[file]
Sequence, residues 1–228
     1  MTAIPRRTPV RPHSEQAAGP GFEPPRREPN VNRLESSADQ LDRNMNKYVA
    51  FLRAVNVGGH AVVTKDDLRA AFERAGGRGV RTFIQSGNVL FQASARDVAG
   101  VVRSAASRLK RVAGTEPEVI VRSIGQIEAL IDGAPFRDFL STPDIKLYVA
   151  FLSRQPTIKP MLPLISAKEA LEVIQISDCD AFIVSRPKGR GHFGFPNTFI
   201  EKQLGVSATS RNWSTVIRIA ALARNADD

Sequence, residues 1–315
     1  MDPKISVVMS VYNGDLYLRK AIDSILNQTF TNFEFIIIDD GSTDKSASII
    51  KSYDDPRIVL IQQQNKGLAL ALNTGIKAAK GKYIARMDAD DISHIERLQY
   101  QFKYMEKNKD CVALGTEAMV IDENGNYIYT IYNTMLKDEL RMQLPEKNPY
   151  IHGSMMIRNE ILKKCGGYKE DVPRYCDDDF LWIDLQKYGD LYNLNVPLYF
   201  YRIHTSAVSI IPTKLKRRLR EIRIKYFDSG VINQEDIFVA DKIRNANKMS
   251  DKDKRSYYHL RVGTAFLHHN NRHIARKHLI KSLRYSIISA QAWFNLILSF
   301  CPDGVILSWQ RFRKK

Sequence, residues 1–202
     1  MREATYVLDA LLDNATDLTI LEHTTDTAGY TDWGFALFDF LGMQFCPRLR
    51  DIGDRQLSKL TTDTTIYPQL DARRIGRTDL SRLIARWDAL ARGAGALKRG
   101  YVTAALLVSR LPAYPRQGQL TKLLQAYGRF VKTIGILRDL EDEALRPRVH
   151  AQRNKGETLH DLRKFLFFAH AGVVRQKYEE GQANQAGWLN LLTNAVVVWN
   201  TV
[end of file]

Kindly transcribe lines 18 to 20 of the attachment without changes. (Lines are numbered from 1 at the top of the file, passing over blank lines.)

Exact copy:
   101  YVTAALLVSR LPAYPRQGQL TKLLQAYGRF VKTIGILRDL EDEALRPRVH
   151  AQRNKGETLH DLRKFLFFAH AGVVRQKYEE GQANQAGWLN LLTNAVVVWN
   201  TV